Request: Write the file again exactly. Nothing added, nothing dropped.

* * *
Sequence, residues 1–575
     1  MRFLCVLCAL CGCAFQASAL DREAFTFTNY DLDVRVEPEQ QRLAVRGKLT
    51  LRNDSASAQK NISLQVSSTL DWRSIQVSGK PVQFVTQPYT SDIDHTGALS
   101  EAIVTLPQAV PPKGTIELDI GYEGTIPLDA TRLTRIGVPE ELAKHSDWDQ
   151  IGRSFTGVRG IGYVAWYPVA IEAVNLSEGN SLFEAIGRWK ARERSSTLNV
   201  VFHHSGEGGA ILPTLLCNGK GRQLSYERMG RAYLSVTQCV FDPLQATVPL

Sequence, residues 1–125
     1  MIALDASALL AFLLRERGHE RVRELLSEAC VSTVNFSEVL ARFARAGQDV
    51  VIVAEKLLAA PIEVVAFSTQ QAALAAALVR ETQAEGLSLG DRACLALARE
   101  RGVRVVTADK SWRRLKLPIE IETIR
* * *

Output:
Sequence, residues 1–575
     1  MRFLCVLCAL CGCAFQASAL DREAFTFTNY DLDVRVEPEQ QRLAVRGKLT
    51  LRNDSASAQK NISLQVSSTL DWRSIQVSGK PVQFVTQPYT SDIDHTGALS
   101  EAIVTLPQAV PPKGTIELDI GYEGTIPLDA TRLTRIGVPE ELAKHSDWDQ
   151  IGRSFTGVRG IGYVAWYPVA IEAVNLSEGN SLFEAIGRWK ARERSSTLNV
   201  VFHHSGEGGA ILPTLLCNGK GRQLSYERMG RAYLSVTQCV FDPLQATVPL

Sequence, residues 1–125
     1  MIALDASALL AFLLRERGHE RVRELLSEAC VSTVNFSEVL ARFARAGQDV
    51  VIVAEKLLAA PIEVVAFSTQ QAALAAALVR ETQAEGLSLG DRACLALARE
   101  RGVRVVTADK SWRRLKLPIE IETIR